Its tricky. Mac Forbes pick early, Giant Steps picks a bit earlier than me. But I like the riper styles. Ripeness and weight, with good acidity. I build texture by foot stomping, putting the juice with full solids straight into barrel. I use the lees too, but I don’t want my wines to be heavy or creamy, so there’s no stirring. The ferments are wild and I use lots of different format oak. 600, 500, 228, 300 litre formats. There are others too. This way there’s lots of different ferments. The parcels are kept separate and not blended at this point. This is a good way to build that texture and complexity. Every ferment is going to be a little different, even if the fruit is from the same source, they are still going to look different.

 

Do you make wines that you like to drink, or is there a certain pragmatism involved?

Bit of both really. My experience with restaurants is different to wine writers. Ultimately, who’s buying the wine? Most people know what they like and buy it. Many winemakers make wines for wine writers, but I make wines that I like, and what I think people will like. You still have to sell what you make, so its not a crime to be making a style of wine that resonates with a lot of people.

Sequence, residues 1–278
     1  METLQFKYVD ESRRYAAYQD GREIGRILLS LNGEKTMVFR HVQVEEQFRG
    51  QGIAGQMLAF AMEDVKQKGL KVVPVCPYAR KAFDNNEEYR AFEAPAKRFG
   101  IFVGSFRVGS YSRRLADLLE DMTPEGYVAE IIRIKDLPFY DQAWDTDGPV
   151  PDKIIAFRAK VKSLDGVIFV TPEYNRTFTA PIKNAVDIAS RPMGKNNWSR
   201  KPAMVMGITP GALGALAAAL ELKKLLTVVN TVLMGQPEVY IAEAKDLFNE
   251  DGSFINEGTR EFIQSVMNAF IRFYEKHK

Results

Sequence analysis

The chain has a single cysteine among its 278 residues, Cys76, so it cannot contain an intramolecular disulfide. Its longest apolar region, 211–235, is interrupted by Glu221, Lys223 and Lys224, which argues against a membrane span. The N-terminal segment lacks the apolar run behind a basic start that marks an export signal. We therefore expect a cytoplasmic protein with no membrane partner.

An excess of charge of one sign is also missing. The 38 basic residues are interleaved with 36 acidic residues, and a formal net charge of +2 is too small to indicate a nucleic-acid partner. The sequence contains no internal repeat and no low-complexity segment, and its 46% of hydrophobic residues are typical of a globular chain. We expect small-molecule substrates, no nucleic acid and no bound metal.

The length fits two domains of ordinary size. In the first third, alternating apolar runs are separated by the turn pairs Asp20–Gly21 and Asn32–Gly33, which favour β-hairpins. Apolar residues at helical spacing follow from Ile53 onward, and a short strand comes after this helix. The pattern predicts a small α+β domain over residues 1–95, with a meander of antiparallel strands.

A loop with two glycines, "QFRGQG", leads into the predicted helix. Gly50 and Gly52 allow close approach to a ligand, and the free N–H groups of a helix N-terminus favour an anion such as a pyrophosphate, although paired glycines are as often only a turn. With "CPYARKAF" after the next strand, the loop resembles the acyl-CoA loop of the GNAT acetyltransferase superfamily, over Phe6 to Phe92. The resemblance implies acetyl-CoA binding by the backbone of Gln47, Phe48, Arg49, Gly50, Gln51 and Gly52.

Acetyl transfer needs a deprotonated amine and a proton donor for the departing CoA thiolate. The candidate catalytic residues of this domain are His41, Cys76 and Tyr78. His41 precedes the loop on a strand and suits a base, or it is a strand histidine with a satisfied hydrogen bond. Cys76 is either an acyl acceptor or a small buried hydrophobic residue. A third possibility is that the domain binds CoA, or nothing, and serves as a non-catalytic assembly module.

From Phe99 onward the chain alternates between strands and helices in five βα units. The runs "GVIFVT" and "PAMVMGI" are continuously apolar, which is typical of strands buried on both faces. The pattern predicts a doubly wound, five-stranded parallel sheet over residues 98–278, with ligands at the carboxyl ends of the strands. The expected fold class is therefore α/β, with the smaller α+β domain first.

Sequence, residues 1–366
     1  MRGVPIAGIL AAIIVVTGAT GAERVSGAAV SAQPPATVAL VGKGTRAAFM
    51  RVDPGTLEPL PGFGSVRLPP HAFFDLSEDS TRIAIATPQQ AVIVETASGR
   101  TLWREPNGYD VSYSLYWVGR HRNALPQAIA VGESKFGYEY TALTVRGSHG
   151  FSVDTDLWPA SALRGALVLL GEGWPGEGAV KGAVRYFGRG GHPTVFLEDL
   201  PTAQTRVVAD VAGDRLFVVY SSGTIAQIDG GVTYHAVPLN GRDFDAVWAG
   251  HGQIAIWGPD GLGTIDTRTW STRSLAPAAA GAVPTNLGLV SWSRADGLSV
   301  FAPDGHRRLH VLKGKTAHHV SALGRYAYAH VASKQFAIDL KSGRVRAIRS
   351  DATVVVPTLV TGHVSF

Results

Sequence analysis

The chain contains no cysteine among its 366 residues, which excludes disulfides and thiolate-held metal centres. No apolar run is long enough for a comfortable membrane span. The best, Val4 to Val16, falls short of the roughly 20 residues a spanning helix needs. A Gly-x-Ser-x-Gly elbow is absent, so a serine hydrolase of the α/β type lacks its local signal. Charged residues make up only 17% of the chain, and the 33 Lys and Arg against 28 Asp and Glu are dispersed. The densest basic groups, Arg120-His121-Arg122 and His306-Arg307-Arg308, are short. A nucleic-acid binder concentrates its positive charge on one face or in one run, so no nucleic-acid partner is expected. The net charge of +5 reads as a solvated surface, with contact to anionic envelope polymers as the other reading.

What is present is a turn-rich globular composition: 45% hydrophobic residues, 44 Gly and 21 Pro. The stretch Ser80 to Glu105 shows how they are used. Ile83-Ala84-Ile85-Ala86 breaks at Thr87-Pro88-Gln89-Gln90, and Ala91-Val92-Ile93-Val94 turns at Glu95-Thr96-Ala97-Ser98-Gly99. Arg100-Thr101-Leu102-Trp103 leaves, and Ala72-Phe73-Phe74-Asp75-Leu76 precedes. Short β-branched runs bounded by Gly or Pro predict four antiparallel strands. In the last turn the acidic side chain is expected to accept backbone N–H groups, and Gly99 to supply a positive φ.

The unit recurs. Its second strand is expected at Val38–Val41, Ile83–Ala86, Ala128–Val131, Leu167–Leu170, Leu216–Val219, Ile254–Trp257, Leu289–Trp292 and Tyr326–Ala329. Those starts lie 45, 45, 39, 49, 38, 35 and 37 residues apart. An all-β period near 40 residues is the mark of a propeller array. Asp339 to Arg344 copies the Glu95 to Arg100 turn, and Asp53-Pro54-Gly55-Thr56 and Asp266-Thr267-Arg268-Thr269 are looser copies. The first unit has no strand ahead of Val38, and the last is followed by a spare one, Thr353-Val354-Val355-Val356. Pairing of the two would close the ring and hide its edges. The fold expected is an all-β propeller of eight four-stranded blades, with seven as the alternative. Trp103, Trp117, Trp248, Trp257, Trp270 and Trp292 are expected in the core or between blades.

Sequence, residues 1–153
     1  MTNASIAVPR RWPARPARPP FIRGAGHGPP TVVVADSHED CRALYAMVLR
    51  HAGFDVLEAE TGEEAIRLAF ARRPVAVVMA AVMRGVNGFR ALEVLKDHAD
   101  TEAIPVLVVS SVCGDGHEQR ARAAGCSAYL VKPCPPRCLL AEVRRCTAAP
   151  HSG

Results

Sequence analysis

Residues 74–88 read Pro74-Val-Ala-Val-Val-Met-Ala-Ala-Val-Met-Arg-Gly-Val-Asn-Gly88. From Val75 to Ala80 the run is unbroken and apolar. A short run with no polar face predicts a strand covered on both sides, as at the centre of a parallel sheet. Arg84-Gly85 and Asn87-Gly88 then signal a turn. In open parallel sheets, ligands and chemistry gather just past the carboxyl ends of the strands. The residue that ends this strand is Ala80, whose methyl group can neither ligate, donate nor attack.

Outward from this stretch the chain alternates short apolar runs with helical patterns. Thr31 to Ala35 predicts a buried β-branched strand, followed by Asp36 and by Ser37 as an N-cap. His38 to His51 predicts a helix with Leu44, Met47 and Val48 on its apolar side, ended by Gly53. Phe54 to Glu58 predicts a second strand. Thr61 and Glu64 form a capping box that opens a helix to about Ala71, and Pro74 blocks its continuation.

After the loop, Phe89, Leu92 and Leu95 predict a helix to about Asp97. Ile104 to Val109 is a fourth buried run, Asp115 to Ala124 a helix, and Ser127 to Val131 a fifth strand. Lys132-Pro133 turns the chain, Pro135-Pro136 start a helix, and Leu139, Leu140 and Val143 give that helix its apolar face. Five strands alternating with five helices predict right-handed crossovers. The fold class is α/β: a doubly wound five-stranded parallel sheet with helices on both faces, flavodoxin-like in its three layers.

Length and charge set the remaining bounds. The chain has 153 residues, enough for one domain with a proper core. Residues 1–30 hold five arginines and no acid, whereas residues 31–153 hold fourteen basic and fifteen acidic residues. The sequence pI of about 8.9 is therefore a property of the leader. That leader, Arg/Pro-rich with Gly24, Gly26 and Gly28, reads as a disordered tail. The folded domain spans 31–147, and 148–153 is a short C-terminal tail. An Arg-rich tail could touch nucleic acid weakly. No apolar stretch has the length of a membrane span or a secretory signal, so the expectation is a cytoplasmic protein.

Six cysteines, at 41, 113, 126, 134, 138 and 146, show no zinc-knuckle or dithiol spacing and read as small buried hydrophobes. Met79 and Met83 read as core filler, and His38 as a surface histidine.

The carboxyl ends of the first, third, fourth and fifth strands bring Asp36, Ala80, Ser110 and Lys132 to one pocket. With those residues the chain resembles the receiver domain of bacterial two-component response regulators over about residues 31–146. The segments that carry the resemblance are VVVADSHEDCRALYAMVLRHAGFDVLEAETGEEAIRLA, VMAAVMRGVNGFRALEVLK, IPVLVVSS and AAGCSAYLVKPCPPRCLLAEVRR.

Some of your wines, in particular the Appellation series, are what I would call classical or traditional, and yet some of your wines, are really avant-garde.

Well, it comes back to making wines you like to drink, but also appealing to lots of people. The limited release wines are where I can experiment and its really important to keep my brand relevant to new age drinkers. Some Sommeliers wont let you through the door unless you’ve got something pretty funky. If I can appeal to them, quite often the same Somm will take my more classical wines like the Appellation range, because they know they have broad appeal. But you have to get through the door first. I only have my range of wines, not a portfolio of options. Quite often, I’m surprised how popular some of the limited release wines are. I made an Ullaged chardonnay, Jura inspired, and it sold out straight away. People loved it, and here was me thinking that it only had limited appeal.

 

What are your thoughts on ‘Natural’ wines? A lot of your techniques are traditional, and yet you don’t identify as natural.

I’m totally minimal, I don’t add anything. The only thing I add is sulphur. Wine must be clean. Jura with a really low pH and acidity sky high, they can get away with it. If you’re going to make a natural wine, you need to understand the chemistry. It might be clean going into the bottle, but once you cross the Nullarbor, or put it in a shop window in the sun, it goes to shit. And for some of the new generation of wine drinkers, all they know is faulty wine.